Wandering Thoughts archives

2005-09-23

Be cautious with numbers in awk

I like awk, and often use it for quick little log aggregation things (often on the command line, if what I am interested in is a one-off). But awk has a small problem: it likes printing large numbers in exponential notation.

The minor problem with this is that I find exponential notation for numbers harder to read than straight decimal notation. '3.18254e+10' is just harder to understand casually than 31825440599.

The major problem with this is that when I do log aggregation, I often feed the result to 'sort -nr' or the like, so I can see the result in a clearly sorted order (and perhaps pick out the top N). Numbers in exponential notation are not sorted 'correctly' by sort, as sort requires things to be in decimal notation.

Worse, when you are looking for the top N of something this issue can the precise entries you're most interested in to drop out. The highest entries are the ones most likely to have numbers large enough that awk starts putting them in exponential notation, which will make them sort very low indeed.

This isn't just a theoretical concern. When writing yesterday's entry, this exact issue almost caused me to miss four of the actual top six URLs by data transfered. (Fortunately I wound up noticing the missing entries when I was looking at detailed log output, and then worked out why it was happening.)

The workaround is relatively simple: awk's '%d' printf format will print even large numbers in decimal notation. So instead of 'END {print sum}' or the like, use 'END {printf "%d\n", sum}'. (Unfortunately I find awk's printf annoying for some reason, so I don't normally use it unless I have to. I guess I have to a lot more often now.)

This isn't the end of the story, because this points to another caution for dealing with numbers in awk, namely: awk uses floating point math, not integer math, even for numbers that are entirely decimal. This is most likely to bite you if you are subtracting large numbers from each other; for example, computing differences between Unix timestamps. (This actually bit me once, in an assignment, and I wound up being sufficiently annoyed to use a baroque workaround involving breaking out of awk to get bc to do that particular subtraction just so I could submit something that had the numbers absolutely correct.)

programming/AnAwkCaution written at 17:55:55; Add Comment

The (probable) importance of accurate Content-Types

As a result of the MSN search spider going crazy, I am actually paying some attention to our web server logs for a change. This led to me looking up which URLs are responsible for the largest amounts of bandwidth used.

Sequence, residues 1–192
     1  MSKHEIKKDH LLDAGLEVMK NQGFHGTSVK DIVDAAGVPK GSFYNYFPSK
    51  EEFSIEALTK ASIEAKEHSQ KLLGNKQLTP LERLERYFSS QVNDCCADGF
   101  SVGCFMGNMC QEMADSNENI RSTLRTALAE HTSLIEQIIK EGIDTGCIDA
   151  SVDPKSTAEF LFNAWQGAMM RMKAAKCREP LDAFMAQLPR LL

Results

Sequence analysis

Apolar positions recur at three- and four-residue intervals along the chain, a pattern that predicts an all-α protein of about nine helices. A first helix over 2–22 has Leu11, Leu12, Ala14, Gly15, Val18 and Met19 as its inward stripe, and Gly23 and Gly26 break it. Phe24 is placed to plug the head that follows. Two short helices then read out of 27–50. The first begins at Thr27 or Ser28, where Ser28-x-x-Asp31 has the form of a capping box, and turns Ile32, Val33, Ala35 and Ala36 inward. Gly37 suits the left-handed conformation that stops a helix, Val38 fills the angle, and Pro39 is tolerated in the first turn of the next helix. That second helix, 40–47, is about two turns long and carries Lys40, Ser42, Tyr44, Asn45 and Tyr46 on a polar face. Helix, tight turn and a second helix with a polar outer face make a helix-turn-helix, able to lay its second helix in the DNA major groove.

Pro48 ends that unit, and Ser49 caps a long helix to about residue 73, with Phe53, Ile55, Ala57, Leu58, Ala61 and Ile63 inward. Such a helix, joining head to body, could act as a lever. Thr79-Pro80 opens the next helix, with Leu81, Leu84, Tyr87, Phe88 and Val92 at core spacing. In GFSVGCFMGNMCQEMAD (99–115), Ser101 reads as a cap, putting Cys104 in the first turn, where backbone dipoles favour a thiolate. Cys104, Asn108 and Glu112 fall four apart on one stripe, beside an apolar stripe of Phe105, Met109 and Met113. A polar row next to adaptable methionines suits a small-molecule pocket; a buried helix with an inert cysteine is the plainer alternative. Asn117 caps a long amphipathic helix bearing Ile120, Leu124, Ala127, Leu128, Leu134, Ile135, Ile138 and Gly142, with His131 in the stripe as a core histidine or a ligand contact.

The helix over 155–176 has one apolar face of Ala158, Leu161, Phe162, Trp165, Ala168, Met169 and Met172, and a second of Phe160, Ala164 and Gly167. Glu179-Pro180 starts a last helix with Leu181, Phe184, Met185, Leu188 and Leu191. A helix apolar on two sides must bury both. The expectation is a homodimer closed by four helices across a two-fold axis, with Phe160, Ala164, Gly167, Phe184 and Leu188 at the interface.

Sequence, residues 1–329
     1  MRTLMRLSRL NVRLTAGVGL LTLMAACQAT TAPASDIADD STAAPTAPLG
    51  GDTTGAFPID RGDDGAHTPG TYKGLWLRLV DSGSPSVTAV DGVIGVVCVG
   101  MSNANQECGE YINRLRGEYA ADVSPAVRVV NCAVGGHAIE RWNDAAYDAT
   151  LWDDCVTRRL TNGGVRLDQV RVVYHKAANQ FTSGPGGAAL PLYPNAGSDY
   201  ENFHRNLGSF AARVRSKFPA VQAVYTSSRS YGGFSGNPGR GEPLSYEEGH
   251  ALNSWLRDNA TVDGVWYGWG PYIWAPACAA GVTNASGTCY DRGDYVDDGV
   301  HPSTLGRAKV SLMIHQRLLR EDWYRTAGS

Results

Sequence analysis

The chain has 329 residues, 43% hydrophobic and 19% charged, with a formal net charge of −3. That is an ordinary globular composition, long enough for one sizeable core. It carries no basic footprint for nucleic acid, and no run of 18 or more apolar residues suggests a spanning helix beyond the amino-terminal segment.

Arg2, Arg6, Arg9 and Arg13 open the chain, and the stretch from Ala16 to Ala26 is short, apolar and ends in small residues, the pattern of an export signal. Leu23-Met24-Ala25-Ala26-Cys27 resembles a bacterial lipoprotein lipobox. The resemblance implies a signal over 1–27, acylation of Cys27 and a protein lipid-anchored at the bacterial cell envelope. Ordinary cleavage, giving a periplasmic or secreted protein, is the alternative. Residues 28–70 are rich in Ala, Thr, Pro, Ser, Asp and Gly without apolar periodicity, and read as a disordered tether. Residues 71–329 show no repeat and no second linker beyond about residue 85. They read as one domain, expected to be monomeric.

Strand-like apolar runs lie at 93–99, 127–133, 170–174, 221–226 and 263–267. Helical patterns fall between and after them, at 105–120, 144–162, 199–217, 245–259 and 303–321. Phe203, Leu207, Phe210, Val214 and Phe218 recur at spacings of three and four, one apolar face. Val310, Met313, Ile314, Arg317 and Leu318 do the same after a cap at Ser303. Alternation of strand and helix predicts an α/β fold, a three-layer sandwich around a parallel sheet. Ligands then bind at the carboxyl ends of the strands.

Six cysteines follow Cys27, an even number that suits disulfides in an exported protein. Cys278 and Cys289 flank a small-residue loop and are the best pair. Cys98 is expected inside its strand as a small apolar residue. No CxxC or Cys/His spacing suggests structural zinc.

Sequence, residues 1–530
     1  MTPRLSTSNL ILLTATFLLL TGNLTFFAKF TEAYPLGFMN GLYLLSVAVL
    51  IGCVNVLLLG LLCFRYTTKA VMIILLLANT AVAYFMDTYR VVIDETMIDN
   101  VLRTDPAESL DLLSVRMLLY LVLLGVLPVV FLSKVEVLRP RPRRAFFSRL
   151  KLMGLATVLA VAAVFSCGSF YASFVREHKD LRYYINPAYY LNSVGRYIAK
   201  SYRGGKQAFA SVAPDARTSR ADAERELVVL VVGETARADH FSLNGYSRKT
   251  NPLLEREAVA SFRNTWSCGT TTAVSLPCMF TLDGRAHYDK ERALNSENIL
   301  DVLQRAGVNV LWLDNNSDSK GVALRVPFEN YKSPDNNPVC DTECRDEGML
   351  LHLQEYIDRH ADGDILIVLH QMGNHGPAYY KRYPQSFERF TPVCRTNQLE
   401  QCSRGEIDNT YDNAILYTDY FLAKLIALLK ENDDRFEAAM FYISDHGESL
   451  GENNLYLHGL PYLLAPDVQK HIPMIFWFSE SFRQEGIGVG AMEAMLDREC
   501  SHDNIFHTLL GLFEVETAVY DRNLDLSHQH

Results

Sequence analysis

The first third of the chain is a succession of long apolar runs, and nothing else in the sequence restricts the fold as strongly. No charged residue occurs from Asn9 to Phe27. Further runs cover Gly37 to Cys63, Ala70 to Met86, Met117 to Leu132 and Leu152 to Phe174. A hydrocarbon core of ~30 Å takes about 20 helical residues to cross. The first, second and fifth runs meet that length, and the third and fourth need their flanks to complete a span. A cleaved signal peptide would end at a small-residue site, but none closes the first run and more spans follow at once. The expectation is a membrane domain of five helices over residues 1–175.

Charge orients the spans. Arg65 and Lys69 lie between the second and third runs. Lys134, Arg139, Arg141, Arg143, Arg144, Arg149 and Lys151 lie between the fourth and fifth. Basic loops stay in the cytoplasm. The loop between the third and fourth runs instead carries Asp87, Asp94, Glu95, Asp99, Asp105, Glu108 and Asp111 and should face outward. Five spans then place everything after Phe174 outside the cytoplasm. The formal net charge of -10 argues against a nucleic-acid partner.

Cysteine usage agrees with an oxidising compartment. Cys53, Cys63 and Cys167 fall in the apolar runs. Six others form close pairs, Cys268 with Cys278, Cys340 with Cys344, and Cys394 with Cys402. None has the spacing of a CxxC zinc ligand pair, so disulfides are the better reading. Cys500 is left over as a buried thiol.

To my surprise, the six largest bandwidth sources were some CD-ROM images in ISO format that we happen to have lying around, the oldest one dating back to 2002. In the last week alone , there were eight requests totaling 3.5 gigabytes of transfers. Who could be that interested in some relatively ratty old ISO images?

Search engines, it turned out. All of the off-campus requests for the ISO images over the past 28 days came from MSNbot, Googlebot, and Yahoo! Slurp. I already knew about the crazy MSN spider, but Googlebot is well behaved; what possible reason could it have for fetching the same 600 megabyte image (last changed May 27th) three times between September 17th and September 21st?

I had previously noticed (while researching CrazyMSNCrawler) that our web server was serving these ISO images with the Content-Type of text/plain. (I didn't think much about it at the time, except to become less annoyed at MSNbot repeatedly looking at them.)

Suddenly the penny dropped: Googlebot probably thought the URL was a huge text file, not an ISO image. Worse, the web server was claiming that the 'text file' was in UTF-8, despite it certainly having non UTF-8 byte sequences.

If my theory is right, no wonder search engines repeatedly fetched the URLs. Each time they were hoping that this time around the text file would have valid UTF-8 that they could use. (Certainly I'd like search engines to re-check web pages that have invalidly encoded content, in the hopes that it gets fixed sooner or later.)

Our web server is now serving files that end in .iso as Content-Type application/octet-stream. Time will tell if my theory is right and the search engines lay off on the ISO images. (Even if it does no good with search engines, unwary people who click on the links now won't have their browser trying to show them the 600 megabyte 'text' of the ISO file, which is a good thing.)

The obvious moral: every so often, take a look at your web server logs. You never know what interesting things you'll find.

(Maybe you'll discover that you're hosting a bulletin board system that averages a couple of hits a second that you hadn't previously noticed. Don't laugh; it happened to us. (It was a legitimate bulletin board system; we just hadn't realized it was quite that active.))

Sidebar: the bonus round of CPU usage

In an effort to speed up transfers to clients by reducing the amount of data transfered to them, I recently configured the web server to compress outgoing pages on the fly for various Content-Types if the client advertised it was cool with this. (Using the Apache mod_deflate module.)

Of course, one of those Content-Types was text/plain.

So not only were we doing huge pointless transfers, we were probably burning extra CPU to compress them on the fly. For ISO images where most of the content was likely already compressed, where further compression passes are at best pointless and at worst result in the content expanding.

web/AccurateContentTypeImportance written at 02:27:46; Add Comment


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